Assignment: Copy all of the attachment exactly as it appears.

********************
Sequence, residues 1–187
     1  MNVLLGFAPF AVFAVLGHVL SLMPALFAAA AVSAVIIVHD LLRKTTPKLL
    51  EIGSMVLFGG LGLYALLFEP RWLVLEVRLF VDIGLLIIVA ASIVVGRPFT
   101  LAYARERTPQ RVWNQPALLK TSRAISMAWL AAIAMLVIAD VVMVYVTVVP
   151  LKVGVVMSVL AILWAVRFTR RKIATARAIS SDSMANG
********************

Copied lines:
Sequence, residues 1–187
     1  MNVLLGFAPF AVFAVLGHVL SLMPALFAAA AVSAVIIVHD LLRKTTPKLL
    51  EIGSMVLFGG LGLYALLFEP RWLVLEVRLF VDIGLLIIVA ASIVVGRPFT
   101  LAYARERTPQ RVWNQPALLK TSRAISMAWL AAIAMLVIAD VVMVYVTVVP
   151  LKVGVVMSVL AILWAVRFTR RKIATARAIS SDSMANG